Employees will no longer need the COVID-19 vaccine to work for state agencies in Washington after Gov. Jay Inslee last week rescinded the previous directive requiring the vaccination series during the pandemic.
The move, which went into effect on Thursday, May 11, occurred as the federal government ended the public health emergency and lifted federal employees’ vaccination requirements. The World Health Organization also lifted its global health emergency declaration for COVID-19.
“For more than three years, we have all faced incredible challenges as the COVID-19 pandemic impacted every aspect of our lives,” Inslee stated in a news release. “Throughout this public health crisis, our state employee family demonstrated inspiring resilience and dedication, and I thank our employees for their exemplary service under unprecedented circumstances. We have risen to the occasion during a defining moment in our history, and the measures we took helped us to achieve one of the lowest death rates in the nation.”
Washington state had the first case of COVID-19 in the country, which caused a pandemic that gripped the world. Over 1,162,000 Americans died from the virus and over 106 million cases have been recorded within the country since March 2020.
State agencies will amend the requirement by changing collective bargaining agreements with labor organizations.
While lifting the order, Inslee, in his public statement, said “work remains to limit the spread of COVID-19 and reduce the risks of serious illness and death.”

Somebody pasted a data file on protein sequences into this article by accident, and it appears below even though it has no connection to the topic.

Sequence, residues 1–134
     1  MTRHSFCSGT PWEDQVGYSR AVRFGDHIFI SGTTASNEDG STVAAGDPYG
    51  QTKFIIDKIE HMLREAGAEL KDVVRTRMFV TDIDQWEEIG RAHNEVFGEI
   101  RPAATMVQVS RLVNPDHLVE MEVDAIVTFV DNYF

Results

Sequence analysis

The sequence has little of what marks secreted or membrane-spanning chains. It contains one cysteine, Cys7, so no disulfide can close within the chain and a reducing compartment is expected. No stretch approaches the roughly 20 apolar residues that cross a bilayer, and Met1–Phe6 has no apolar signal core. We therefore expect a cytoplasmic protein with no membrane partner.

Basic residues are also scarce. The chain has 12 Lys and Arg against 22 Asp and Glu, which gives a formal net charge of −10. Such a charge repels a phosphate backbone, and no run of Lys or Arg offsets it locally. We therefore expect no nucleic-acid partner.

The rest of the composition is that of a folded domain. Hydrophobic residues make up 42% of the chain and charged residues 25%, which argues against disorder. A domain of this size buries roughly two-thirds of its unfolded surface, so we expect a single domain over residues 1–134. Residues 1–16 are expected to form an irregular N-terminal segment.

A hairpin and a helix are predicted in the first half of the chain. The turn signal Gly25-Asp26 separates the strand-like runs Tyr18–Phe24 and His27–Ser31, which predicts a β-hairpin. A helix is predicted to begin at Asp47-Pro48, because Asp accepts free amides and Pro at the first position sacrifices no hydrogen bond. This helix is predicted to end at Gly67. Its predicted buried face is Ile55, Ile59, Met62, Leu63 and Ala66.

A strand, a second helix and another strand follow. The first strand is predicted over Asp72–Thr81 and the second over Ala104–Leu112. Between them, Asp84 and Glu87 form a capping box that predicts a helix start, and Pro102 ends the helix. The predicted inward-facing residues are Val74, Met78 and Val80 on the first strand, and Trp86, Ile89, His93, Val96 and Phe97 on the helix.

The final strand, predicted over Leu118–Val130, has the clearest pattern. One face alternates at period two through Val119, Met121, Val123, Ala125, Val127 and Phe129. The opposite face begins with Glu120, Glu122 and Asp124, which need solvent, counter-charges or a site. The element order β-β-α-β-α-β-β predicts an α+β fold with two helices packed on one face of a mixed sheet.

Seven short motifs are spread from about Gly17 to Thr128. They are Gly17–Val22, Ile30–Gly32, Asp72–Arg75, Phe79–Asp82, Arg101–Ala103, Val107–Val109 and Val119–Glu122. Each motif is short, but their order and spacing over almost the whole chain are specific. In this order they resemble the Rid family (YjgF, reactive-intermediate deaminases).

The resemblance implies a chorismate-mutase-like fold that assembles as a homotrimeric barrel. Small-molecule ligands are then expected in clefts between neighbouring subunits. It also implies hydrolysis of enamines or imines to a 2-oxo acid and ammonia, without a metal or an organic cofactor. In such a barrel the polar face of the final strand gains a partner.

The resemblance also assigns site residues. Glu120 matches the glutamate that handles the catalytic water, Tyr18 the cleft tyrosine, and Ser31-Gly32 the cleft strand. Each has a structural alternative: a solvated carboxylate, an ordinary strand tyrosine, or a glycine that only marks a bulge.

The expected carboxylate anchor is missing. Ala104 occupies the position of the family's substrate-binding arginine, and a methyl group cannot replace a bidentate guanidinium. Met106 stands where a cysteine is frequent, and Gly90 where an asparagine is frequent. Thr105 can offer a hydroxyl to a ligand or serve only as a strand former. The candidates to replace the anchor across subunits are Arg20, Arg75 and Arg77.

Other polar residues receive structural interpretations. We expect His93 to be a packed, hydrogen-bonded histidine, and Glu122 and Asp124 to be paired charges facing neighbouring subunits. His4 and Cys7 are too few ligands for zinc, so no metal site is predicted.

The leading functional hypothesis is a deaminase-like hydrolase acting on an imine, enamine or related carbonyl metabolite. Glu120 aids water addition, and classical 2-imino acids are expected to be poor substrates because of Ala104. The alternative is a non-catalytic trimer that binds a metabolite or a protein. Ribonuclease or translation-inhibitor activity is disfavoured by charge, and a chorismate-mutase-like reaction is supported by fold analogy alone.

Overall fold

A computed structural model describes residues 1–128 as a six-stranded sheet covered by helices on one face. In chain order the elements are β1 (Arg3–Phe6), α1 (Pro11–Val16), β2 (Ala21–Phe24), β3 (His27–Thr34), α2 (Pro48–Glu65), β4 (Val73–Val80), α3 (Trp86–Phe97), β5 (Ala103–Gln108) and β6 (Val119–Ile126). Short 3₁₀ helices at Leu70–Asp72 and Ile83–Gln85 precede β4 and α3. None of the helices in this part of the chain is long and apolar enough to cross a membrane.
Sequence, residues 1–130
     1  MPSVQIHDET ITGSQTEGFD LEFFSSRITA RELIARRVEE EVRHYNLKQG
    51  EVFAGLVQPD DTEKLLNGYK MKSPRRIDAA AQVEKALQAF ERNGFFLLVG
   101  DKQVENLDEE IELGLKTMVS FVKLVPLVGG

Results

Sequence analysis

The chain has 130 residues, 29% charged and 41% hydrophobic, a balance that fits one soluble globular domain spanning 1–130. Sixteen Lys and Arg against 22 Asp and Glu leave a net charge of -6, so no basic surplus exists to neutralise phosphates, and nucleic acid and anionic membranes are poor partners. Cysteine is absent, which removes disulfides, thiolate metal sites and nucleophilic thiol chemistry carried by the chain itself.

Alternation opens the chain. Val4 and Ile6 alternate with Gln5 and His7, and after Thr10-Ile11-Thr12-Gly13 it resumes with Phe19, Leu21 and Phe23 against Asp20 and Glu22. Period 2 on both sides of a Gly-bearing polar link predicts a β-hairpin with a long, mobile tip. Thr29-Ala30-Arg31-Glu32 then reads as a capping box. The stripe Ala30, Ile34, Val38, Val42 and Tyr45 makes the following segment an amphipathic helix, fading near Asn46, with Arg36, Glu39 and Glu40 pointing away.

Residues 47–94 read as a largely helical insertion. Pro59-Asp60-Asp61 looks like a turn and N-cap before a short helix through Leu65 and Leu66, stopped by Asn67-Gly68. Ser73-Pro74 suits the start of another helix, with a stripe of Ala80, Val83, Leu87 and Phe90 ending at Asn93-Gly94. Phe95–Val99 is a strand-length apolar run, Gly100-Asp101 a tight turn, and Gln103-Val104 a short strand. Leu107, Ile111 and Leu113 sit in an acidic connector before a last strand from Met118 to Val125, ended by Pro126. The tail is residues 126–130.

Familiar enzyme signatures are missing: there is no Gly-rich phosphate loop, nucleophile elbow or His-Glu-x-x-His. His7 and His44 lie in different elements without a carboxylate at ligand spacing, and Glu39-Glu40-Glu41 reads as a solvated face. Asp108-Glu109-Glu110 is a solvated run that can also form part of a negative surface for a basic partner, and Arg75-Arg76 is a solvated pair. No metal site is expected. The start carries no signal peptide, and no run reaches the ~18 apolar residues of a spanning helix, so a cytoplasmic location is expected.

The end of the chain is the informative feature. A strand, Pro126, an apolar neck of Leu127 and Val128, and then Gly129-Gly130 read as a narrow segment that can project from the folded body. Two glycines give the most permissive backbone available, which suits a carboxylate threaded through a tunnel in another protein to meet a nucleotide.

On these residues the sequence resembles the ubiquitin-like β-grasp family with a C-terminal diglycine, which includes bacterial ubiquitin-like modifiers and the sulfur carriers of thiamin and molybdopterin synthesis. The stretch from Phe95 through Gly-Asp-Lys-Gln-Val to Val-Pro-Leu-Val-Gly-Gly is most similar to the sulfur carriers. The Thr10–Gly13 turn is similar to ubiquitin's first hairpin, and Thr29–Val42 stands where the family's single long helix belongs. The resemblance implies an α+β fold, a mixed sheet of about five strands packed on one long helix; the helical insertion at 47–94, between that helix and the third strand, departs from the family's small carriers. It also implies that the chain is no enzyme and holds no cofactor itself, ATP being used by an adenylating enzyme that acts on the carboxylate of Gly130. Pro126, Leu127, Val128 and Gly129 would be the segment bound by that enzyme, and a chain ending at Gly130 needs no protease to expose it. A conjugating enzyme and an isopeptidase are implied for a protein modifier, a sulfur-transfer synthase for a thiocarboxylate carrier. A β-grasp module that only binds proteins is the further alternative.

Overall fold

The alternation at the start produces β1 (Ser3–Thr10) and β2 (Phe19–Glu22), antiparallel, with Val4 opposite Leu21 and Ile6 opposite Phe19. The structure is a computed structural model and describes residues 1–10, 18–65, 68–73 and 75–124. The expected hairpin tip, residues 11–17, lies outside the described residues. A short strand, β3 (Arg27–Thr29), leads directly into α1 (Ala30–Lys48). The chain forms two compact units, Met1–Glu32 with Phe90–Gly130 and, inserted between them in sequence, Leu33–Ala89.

Over 14,000 new cases of COVID-19 were reported in the United States in the past week, along with 124 deaths.
Inslee said he will soon sign the state budget, which would provide $1,000 to state employees for proof of current vaccination.
Senate Republican Leader John Braun, R-Centralia, and House Republican Leader Drew Stokesbary, R-Auburn, released a statement after Inslee’s announcement.
“Just as Governor Inslee was slow to end his COVID state of emergency, he’s been equally behind the times in ending this discriminatory vaccination mandate. Republican legislative leaders called on the governor to take this step more than 14 months ago,” the leaders said. “It’s as though he finally made the connection between his vaccine requirement and the great difficulty our state agencies are having with filling vacancies. This mandate went too far from the start. It cost many state employees their careers and livelihoods. Republicans warned there could be problems and recommended a more pragmatic approach. The governor went ahead anyway with one of the most extreme policies in the nation.”
The leaders argued the policy had resulted in staffing shortages, especially at the Washington State Ferries and the Washington State Patrol. Braun and Stokesbary claimed around 1,900 state employees were either terminated or left their jobs because of the policy, with over 1,550 state positions currently open.
“If any of these experienced former public servants are still willing to return to state government, after Governor Inslee showed them the door, they should receive priority when applying and should receive pension service credit for the months when they were barred from their prior employment,” the leaders said.
Braun and Stokesbary also claimed the rescinding of the vaccine requirement “calls into question” Inslee’s decision to offer $1,000 vaccine-booster incentive payments for state employees.
“Those could cost taxpayers $50 million — money that would be better put toward something like helping K-12 students recover from the pandemic-related learning loss so many have suffered,” Braun and Stokesbary said. “It’s fiscally irresponsible and shows how misguided his priorities are.”
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